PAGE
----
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What level of detail is required in a Sarbanes-Oxley complaint?


What level of detail is required in a Sarbanes-Oxley retaliation complaint filed at OSHA?

A SOX complaint filed at OSHA need not plead every element of the claim in detail, but it must provide “fair notice” of the claim, which entails a showing of: 1) some facts about the protected activity; 2) some facts about the adverse action; 3) an assertion of causation, and 4) a description of the relief or damages sought by the whistleblower.[i]

SOX whistleblower complaints filed at OSHA require less detail than claims filed in federal court. In other words, a SOX whistleblower need not meet the plausibility pleading standard that applies to actions filed in federal court.[ii]  But if the whistleblower anticipates removing the SOX claim to federal court, it may be advisable to file a detailed complaint. In particular, the complaint should plead every adverse action and each distinct category of protected activity.  An amended SOX complaint filed in federal court can include “more specific allegations naturally originating from those” in the original OSHA complaint.  Sharkey v. J.P. Morgan Chase & Co., 805 F. Supp. 2d 45, 53 (S.D.N.Y. 2011).

Pleading Standard for SOX Whistleblower Claims

As summarized recently by a New York district judge in DHIR v. Carlyle Group Employee Co., No. 16-cv-06378 (SDNY 2017), a SOX whistleblower complaint need only put defendants on notice of the claim:

The primary purpose of the Sarbanes-Oxley exhaustion requirement is to provide OSHA “an opportunity to issue a final decision with respect to the plaintiffs’ claims against [that entity].” Bridges v. McDonald’s Corp., 2009 WL 5126962, at *3 (N.D. Ill. Dec. 21, 2009). Moreover, “there are no pleading requirements for whistleblower actions” under Sarbanes-Oxley. Wadler v. Bio-Rad Laboratories, Inc., 141 F. Supp. 3d 10005, 1012 (N.D. Cal. 2015); 29 C.F.R. § 1980.103(b) (“No particular form of complaint is required.) Complaints in OSHA proceedings are “not expected to meet the standards of pleading that apply to claims filed in federal court under Rule 12(b)(6),” so long as the whistleblower gives the opposing party “fair notice” of the charges against it. In The Matter Of: Douglas Evans v. U.S. Envtl. Prot. Agency, 2012 WL 3164358 (DOL Adm. Rev. Bd., July 31, 2012), at *6.

[i] Johnson v. The Wellpoint Companies, Inc., ARB No. 11-035, ALJ No. 2010-SOX-38 (ARB Feb. 25, 2013).

[ii] Sylvester v. Parexel Int’l. LLC, ARB No. 07-123, ALJ Nos. 2007-SOX-39 & 42 (ARB May 25, 2011).

In McFadden v. Deutsche Bank, ARB No. 2022-0002, ALJ No. 2021-SOX-00023 (ARB Jan. 26, 2022) (per curiam), the ALJ granted Respondent’s motion to dismiss Complainant’s SOX retaliation complaint.  On appeal, ARB, exercising de novo review, reversed and remanded. The ARB observed that federal court heightened pleading standards are not applied in SOX administrative hearings.  The ARB stated:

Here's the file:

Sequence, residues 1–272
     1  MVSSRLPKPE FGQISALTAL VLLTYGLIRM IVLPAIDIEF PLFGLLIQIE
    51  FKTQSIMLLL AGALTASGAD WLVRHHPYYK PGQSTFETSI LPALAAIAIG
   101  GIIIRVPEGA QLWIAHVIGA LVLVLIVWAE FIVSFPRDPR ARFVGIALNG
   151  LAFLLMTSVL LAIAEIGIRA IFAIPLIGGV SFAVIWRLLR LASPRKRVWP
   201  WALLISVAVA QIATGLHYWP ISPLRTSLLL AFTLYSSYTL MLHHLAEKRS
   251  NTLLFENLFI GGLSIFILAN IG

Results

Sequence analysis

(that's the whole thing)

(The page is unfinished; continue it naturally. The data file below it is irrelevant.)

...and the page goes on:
The Board has held that ALJs should not apply the heightened pleading standard used in federal courts in SOX whistleblower complaints and that motions to dismiss SOX complaints for failure to state a claim are “highly disfavored.”  The fair notice requirement is not a demanding standard.  We note that complainants file their initial complaints before OSHA in an informal manner and that OSHA amplifies those complaints through investigations. While OSHA’s findings are part of the record, parties have the benefit of a de novo hearing before the ALJ. For these reasons, we have held that “ALJs should freely grant parties the opportunity to amend their initial filings to provide more information about their complaint before the complaint is dismissed,” especially when “it appears that a complaint may be saved by the allegation of additional facts.”  Otherwise, complainants would have to be mindful of the pleading standards when filing their complaint with OSHA, which would be “inappropriate given the nature of the administrative whistleblower complaint process.”  Accordingly, “[d]ismissal without leave to amend is improper unless it is clear, upon do novo review, that the complaint could not be saved by any amendment.” We therefore determine that the ALJ’s order of dismissal was not warranted.  Rather, the ALJ should have provided Complainant leave to amend her complaint to satisfy the pleading requirements of a SOX claim before the OALJ. While Complainant failed to respond to the Motion to Dismiss, thus leading the ALJ to understandably conclude that the motion was unopposed, the record nonetheless demonstrates that the issue with the pleadings could be rectified with additional information.

Slip op. at 4-5 (footnotes omitted).

SOX Whistleblower Retaliation

Sarbanes-Oxley Whistleblower Retaliation Attorneys

The SOX whistleblower lawyers at Zuckerman Law have substantial experience litigating Sarbanes Oxley whistleblower retaliation claims and have achieved substantial recoveries for officers, executives, accountants, auditors, and other senior professionals.  To learn more about corporate whistleblower protections, see our Sarbanes-Oxley Whistleblower Protection FAQ.

Click here to read client testimonials about the firm’s work in SOX whistleblower matters and other employment-related litigation.

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Leading whistleblower law firm Zuckerman Law has written extensively about whistleblower protections and is quoted frequently in the media on this topic. A sample of those blog posts and articles appears below:


Jason Zuckerman, Principal of Zuckerman Law, litigates whistleblower retaliation, qui tam, wrongful discharge, and other employment-related claims. He is rated 10 out of 10 by Avvo, was recognized by Washingtonian magazine as a “Top Whistleblower Lawyer” in 2015 and selected by his peers to be included in The Best Lawyers in America® and in SuperLawyers.